April 30, 2003
The April 2003 issue of ERCIM News is dedicated to cognitive systems, with 21 articles. Some of the more interesting articles are featured in A Gallery of Cognitive Systems, a weblog.
Intel has released software that lets computers read lips, a step forward that could lead to better voice recognition applications.
The Audio Visual Speech Recognition (AVSR) software tracks a speaker’s face and mouth movements. By matching these movements with speech, the application can provide a computer with enough data to respond to voice recognition commands, even when these are given in noisy environments.
Researchers are on the brink of obtaining human stem cells by parthenogenesis and animal experiments suggest such cells are indistinguishable from normal stem cells.
Tiny nanocontainers composed of polymers may one day distribute drugs to specific spots within individual cells.
Humans will begin to genetically enhance themselves — and their unborn children — in the next 50 years, said DNA pioneers at the 50th anniversary of the discovery of DNA’s structure.
DARPA has funded a project to equip a battalion of 120 military robots with swarm intelligence software to enable them to mimic organized insect behavior.
“Swarm intelligence describes the way that complex behaviours can arise from large numbers of individual agents each following very simple rules. For example, ants use the approach to find the most efficient route to a food source.”
Computer hard drive capacity could be increased a hundredfold by using the protein apoferritin (the main molecule in which iron is stored in the body) to fabricate nanoscale magnetic particles, claims UK company Nanomagnetics.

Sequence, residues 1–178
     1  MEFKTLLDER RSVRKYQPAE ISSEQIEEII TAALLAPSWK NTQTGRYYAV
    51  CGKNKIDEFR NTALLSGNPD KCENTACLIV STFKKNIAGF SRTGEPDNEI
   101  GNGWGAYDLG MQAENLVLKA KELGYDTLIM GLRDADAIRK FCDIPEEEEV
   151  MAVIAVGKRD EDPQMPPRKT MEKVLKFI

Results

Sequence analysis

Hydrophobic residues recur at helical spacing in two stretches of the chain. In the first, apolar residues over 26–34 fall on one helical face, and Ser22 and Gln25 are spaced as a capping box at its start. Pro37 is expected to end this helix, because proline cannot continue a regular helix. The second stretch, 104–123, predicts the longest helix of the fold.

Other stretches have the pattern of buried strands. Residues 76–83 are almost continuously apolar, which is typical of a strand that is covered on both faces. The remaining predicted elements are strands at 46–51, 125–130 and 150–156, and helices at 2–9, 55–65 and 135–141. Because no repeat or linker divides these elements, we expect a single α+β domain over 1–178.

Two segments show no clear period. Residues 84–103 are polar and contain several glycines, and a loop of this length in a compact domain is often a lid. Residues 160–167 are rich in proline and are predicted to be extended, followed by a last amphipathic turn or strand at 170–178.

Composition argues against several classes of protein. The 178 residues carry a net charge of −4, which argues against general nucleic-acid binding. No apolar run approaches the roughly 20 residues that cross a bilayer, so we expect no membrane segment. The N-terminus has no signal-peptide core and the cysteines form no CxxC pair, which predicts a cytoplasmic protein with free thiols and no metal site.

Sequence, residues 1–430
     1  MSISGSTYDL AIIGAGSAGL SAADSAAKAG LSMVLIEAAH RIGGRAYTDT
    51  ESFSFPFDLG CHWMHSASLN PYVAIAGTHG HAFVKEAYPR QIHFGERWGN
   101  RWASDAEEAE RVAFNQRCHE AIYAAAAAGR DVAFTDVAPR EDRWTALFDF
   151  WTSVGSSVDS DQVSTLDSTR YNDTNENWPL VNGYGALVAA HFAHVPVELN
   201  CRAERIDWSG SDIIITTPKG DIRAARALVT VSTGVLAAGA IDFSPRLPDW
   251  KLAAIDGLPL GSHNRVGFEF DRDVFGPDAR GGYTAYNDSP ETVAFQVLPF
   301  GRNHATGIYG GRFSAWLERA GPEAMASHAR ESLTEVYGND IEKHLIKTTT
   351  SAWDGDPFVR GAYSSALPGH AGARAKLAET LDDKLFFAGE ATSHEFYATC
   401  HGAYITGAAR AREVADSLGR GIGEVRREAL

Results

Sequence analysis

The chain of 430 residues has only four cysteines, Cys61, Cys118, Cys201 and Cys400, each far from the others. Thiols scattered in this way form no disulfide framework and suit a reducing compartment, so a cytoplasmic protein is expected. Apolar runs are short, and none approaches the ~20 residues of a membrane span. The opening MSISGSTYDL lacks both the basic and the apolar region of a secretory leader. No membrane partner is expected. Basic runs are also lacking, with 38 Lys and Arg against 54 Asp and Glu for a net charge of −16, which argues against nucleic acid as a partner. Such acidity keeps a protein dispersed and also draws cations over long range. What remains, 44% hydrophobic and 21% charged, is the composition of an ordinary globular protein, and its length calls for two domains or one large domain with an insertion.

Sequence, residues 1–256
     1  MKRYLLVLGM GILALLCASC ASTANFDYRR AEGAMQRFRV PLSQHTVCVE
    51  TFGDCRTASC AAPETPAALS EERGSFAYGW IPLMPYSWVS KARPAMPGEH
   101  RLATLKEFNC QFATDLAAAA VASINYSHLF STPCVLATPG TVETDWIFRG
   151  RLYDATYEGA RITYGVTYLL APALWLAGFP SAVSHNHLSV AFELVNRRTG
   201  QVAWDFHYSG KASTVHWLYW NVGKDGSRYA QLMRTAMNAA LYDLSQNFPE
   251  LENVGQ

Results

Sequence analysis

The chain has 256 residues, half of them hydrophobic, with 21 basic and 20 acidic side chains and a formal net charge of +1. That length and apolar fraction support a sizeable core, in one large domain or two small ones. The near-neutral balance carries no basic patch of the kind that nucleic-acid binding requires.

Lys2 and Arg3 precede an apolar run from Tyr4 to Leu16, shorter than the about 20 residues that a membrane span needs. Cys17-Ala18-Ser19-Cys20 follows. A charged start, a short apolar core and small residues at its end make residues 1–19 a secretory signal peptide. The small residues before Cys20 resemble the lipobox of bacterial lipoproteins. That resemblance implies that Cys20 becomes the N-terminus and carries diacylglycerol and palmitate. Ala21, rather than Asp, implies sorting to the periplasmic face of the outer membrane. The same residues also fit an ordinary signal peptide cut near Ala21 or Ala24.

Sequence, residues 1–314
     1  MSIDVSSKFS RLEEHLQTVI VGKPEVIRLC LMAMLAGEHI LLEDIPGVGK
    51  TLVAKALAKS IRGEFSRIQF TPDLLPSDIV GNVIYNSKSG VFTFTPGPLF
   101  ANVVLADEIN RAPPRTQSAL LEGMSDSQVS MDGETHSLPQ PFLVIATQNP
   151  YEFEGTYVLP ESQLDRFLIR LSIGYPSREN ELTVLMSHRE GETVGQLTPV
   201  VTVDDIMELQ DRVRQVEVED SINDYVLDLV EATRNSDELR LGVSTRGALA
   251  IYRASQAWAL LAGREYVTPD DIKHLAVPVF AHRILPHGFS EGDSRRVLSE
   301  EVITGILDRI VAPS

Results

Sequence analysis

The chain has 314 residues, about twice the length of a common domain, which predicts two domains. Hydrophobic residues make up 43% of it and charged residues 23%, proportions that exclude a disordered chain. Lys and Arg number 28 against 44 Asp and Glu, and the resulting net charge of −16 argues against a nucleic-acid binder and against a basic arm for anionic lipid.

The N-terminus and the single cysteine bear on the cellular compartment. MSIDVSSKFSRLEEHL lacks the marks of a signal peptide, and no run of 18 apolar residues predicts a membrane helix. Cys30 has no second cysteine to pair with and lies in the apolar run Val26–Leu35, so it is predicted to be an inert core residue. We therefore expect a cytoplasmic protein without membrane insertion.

Each particle can store a bit of information; they can be packed onto a disk drive at much greater density than with existing hard disk manufacturing methods.
Duke University chemists have developed a method of growing nanotubes 100 times longer than usual (4 mm.), while maintaining straightness with controllable orientation and cross-connecting nanotube grids. The achievement solves a major barrier to nanotubes’ use in ultra-small nanoelectronic devices.
Researchers are creating computer models for voice analysis and synthesis that break the human singing voice into components (such as pitch, duration, and vibrato) that can then be modified to produce a more professional-sounding rendition of the original voice.
Microsoft Corp. is using FM radio waves to deliver instant messages, headlines and traffic updates to a new generation of gadgets that will fit on your wrist or keychain.
Molecular movies are helping IBM understand how molecules can be directed to assemble into useful structures. Using a stream of electrons, the system can resolve structures as small as 5 nanometers.
“We’re headed toward an era when human beings will be as casually “enhanced” as chickens or marigolds, with higher IQs, better looks, longer lives.”
In his book, Enough: Staying Human in an Engineered Age, Bill McKibben “indicts germline technology, the so-called designer baby science that aims to let parents improve their offspring by pasting desirable genes into their kid’s DNA.”
Duke University chemists have developed a method of growing one-atom-thick cylinders of carbon (nanotubes) 100 times longer than usual, while maintaining a soda-straw straightness with controllable orientation. Their achievement solves a major barrier to the nanotubes’ use in ultra-small nanoelectronic devices, said the team’s leader.
Scientists have discovered that baby teeth are a source of stem cells. The cells could differentiate into neural cells and fat cells to help repair damaged teeth and perhaps even treat neural injuries or degenerative diseases.
New York — The Center for Responsible Nanotechnology (CRN) issued a report today identifying 11 significant risks of molecular nanotechnology (MNT) along with possible solutions.
MNT has “the potential to disrupt many aspects of society and politics,” the report says. “The power of the technology may cause two competing nations to enter a disruptive and unstable arms race. The flexibility and small size of molecular manufacturing systems and their… read more